India-Pakistan economic ties should not be interrupted by terror attack

India and Pakistan need to avoid engaging in a trade war that will deal a blow to their own economies as well as that of China.

Tensions between India and Pakistan skyrocketed after Pakistan was reported to be considering a ban on the imports of some Indian products, as a protest against India’s earlier move to withdraw most favored nation status given to Pakistan.

Last week, a suicide attack claimed by the Pakistan-based Islamist militant group Jaish-e-Mohammad killed at least 40 Indian paramilitary troopers in the Pulwama district, resulting in India’s economic attacks and Pakistan’s reported tit-for-tat moves.

The suicide attack by a Pakistan-based terrorist outfit cannot be a reason for New Delhi to punish ordinary Pakistani people with economic measures. A possible decision to escalate tensions by carrying out countermeasures against India is also inadvisable.

What can comfort the dead is cross-border cooperation in countering terrorism. A trade war can do nothing but complicate the situation.

The Indian and Pakistan economies will soon feel the pain of a trade war if the two countries further escalate economic tensions. Pakistan mainly imports cotton, chemicals and iron from India – materials that are vital for industry – while India imports fruit, cement and leather from Pakistan. Although their total trade is small, bilateral economic ties are more significant than some people realize.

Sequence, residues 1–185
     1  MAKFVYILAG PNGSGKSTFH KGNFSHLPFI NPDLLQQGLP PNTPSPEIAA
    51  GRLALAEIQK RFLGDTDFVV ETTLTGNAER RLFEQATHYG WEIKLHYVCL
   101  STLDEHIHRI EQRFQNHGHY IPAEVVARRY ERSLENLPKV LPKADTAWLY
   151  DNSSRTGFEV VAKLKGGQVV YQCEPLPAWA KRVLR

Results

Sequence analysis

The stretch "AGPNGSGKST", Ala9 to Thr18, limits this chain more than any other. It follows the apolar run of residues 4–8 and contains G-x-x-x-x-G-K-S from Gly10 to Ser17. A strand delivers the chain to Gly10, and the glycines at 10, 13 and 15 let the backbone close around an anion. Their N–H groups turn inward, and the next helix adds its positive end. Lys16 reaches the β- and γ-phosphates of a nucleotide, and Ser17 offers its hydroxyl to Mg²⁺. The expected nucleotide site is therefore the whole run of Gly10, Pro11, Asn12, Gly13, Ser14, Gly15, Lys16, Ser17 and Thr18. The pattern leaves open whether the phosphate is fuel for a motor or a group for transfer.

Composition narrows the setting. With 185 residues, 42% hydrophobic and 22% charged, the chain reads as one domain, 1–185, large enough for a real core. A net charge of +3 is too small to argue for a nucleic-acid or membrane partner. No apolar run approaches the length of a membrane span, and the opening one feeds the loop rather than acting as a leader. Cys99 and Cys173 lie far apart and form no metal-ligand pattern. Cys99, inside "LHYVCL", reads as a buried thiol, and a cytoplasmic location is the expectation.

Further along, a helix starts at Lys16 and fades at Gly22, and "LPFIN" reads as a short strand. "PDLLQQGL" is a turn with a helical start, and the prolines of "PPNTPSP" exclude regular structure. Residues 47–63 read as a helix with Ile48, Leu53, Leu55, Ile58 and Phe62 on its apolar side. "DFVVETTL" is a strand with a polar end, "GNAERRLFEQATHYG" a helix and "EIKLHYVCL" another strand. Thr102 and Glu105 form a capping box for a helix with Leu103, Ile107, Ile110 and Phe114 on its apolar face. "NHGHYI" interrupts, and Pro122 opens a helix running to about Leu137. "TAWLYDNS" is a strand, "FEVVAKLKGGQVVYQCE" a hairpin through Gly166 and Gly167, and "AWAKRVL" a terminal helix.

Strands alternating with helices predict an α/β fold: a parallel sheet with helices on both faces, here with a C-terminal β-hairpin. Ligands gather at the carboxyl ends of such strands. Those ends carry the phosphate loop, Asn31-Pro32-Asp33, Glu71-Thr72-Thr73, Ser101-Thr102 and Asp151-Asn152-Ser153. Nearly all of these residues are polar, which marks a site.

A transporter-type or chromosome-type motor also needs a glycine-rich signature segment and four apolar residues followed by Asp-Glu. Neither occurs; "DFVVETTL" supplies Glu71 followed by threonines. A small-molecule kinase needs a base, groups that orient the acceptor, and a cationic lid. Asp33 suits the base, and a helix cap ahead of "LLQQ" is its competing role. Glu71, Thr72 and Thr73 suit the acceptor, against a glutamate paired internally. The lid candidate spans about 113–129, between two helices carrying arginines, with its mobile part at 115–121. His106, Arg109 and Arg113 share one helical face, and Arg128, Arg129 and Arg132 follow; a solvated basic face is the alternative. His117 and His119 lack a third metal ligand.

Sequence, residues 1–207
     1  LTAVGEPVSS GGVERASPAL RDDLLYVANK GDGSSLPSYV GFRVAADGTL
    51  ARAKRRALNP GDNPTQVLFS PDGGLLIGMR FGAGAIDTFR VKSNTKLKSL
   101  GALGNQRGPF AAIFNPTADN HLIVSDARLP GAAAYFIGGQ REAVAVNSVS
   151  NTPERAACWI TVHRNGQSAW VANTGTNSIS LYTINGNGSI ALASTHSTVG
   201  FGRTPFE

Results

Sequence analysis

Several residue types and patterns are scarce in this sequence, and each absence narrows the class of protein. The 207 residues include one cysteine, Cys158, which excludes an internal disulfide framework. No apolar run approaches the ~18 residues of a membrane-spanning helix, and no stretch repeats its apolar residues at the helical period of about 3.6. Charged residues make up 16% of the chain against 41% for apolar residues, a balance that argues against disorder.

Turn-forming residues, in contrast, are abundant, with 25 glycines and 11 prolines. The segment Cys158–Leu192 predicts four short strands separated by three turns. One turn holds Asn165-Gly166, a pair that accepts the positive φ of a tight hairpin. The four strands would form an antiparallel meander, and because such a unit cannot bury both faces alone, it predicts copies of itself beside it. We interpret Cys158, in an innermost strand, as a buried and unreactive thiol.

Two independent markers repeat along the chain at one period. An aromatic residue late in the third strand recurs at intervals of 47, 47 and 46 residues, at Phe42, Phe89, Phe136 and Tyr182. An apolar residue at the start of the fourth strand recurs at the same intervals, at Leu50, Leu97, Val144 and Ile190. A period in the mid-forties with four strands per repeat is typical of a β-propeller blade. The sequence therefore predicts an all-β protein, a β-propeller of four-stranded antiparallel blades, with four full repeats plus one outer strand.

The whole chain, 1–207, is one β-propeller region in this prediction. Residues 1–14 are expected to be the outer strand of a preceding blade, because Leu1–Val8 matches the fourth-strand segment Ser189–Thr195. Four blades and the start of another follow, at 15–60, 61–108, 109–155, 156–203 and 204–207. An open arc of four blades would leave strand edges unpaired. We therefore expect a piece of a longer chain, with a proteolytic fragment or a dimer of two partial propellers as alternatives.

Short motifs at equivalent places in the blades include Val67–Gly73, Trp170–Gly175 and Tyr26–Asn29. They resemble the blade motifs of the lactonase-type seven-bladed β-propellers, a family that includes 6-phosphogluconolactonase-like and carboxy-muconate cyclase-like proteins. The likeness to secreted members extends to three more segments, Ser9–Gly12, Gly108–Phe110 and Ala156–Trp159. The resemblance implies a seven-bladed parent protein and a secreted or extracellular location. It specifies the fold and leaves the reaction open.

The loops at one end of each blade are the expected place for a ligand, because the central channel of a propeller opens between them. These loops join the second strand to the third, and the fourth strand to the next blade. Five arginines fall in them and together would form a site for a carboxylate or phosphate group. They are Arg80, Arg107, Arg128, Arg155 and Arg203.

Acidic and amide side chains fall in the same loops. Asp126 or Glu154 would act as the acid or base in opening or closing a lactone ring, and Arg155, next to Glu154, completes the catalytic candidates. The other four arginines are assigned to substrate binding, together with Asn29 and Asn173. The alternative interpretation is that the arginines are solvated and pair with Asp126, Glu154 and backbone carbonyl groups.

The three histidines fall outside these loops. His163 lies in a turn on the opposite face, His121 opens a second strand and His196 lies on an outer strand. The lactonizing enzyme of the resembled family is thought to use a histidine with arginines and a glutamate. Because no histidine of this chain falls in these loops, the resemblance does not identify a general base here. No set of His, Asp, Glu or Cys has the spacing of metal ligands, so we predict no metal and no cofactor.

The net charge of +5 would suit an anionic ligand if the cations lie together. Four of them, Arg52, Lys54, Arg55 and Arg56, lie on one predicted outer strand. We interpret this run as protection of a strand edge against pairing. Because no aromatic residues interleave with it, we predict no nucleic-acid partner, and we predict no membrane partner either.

With a strategic location along a key international trade route, India and Pakistan have some inherent advantages to make themselves a regional logistics hub. But if the two countries isolated themselves from one another, their strategic significance to economies in the region, China included, will be reduced.

Current economic interaction between India and Pakistan is a hard-own achievement that should not be interrupted by a terror strike. Terrorists would be pleased to see that a trade war adds to the instability factors affecting South Asia. Should New Delhi and Islamabad fall into the trap of terrorists? The answer is no.

China is an onlooker of the ongoing India-Pakistan conflict, and it regrets the two countries’ economic losses, which could have been avoided. However, China is not just an onlooker but a participant in the South Asian economy. As an important economic partner of both India and Pakistan, China is willing to make efforts to promote India-Pakistan economic cooperation.

Like China, the primary strategy of both India and Pakistan is to promote economic and social development. Economic cooperation among the three countries still has great potential to generate growth, which will eventually help crack down on terrorism.